Most software ROI calculations are built off of two tenets: sell more or cut cost. The problem that most organizations run into is that they have no solid numbers to address either; “sell how much more”, or “save how much time” are elusive concepts.
I suggest that there are three fundamental business objectives that sales, marketing and service must focus on: find more customers like our best ones, keep the ones we want, and increase profitable transactions. The way to justify a
Taking each of the three areas and starting with the above question will lead to the insight needed by answering the questions that CRM is expected to resolve.
- Do our sales reps know where to find more customers like our best ones?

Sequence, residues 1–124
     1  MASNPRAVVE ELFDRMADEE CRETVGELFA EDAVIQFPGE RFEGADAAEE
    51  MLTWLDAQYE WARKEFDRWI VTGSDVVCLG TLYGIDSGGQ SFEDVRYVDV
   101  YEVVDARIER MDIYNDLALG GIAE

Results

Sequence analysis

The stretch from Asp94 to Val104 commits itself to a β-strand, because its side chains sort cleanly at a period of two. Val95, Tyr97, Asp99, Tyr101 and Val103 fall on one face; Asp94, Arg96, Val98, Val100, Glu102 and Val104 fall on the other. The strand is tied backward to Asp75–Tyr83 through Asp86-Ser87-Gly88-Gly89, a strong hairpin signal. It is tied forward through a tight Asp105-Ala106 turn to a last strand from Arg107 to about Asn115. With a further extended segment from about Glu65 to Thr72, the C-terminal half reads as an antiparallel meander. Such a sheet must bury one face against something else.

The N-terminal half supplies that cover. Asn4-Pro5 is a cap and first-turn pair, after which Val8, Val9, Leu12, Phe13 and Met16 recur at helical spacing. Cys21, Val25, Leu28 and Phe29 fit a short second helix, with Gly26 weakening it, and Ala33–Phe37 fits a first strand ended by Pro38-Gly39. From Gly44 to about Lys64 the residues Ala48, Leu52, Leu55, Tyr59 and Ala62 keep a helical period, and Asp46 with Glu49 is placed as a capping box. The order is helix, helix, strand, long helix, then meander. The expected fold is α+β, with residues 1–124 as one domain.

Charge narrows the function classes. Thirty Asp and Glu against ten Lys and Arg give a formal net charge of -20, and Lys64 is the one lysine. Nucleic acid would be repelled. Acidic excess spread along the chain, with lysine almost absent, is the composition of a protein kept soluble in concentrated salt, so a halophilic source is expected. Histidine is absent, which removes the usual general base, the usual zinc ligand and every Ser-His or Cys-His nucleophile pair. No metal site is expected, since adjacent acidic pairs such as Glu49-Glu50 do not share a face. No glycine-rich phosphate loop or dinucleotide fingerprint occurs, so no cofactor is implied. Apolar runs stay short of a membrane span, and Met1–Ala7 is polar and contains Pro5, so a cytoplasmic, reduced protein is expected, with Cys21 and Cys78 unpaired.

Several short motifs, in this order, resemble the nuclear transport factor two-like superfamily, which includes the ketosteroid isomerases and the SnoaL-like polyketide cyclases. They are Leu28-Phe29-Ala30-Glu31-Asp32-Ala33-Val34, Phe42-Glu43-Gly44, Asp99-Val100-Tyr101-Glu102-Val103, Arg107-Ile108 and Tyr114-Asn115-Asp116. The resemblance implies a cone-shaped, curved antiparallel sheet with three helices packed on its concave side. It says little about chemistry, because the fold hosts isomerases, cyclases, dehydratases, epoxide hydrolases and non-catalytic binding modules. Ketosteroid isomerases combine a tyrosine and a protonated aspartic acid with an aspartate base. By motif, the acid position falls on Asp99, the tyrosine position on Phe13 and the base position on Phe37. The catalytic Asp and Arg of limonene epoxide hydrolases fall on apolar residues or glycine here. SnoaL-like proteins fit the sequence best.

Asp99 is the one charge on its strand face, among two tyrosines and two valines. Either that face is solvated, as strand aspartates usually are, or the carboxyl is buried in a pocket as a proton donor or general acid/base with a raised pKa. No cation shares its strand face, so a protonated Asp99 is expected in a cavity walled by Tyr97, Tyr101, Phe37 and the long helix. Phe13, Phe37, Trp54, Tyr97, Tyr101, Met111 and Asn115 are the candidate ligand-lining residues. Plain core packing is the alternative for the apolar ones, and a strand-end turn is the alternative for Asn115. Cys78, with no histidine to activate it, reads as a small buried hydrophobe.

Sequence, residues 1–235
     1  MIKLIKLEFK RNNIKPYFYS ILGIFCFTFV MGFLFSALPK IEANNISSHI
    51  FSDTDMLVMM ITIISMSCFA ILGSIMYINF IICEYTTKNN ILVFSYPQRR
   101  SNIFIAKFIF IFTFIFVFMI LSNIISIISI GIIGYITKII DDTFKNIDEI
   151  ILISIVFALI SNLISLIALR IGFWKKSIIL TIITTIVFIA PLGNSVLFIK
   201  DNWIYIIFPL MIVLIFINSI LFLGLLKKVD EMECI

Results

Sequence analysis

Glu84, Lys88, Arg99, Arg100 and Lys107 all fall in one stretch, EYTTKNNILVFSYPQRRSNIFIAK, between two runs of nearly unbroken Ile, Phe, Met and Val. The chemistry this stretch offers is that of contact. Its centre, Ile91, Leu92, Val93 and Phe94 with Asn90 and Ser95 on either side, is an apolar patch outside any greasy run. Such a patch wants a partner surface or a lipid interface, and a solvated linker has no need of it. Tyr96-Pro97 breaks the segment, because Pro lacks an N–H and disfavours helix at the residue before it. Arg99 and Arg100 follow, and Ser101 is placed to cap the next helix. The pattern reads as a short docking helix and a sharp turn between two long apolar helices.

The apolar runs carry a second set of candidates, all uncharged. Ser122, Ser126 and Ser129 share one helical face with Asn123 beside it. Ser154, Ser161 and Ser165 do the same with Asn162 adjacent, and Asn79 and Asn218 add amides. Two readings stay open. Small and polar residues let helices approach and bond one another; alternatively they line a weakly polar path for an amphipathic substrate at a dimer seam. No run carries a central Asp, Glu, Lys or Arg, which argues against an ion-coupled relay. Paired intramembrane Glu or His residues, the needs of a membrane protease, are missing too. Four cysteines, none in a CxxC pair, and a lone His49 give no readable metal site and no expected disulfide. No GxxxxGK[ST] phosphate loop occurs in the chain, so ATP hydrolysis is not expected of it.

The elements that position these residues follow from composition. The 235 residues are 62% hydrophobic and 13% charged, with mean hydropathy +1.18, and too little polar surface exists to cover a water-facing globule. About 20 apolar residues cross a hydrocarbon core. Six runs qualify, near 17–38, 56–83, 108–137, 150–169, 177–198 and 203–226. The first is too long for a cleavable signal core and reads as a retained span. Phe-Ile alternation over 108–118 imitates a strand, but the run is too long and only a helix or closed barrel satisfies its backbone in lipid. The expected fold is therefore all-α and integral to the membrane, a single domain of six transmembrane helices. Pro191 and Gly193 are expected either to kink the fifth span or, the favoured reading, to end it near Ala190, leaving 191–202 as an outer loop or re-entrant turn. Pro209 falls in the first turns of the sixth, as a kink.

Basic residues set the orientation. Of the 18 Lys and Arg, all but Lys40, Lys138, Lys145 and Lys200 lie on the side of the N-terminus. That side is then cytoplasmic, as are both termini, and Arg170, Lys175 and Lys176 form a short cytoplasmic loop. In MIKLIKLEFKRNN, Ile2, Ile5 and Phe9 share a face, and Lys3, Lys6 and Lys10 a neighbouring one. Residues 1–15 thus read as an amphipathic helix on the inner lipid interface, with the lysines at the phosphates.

- Are our sales reps maintaining the relationship with key account? How often should they be communicating or visiting the customer?
- Can we measure what lead sources translate to our best sales?
- Have there been times this past year when customer service issues have dropped through the cracks and we lost a customer? How often does that happen? What was the value of that lost customer relationship?
- Do we know our quote-to-proposal-to-sales ratios?
- How long does it take us to find out that new sales rep is not going to work out? What is the cost of waiting too long to cut them loose?
- Can we communicate our sales process to the sales force and show the value of measurable points at each stage?
There are plenty more questions that can be asked, all tied back to the fundamental business objectives of finding and keeping customers while growing revenue. Each question can be quantified to address, what is the cost if you put off doing anything?
InfoGrow offers a FREE 90-minute assessment to work with your team in identifying the questions that you should be asking. –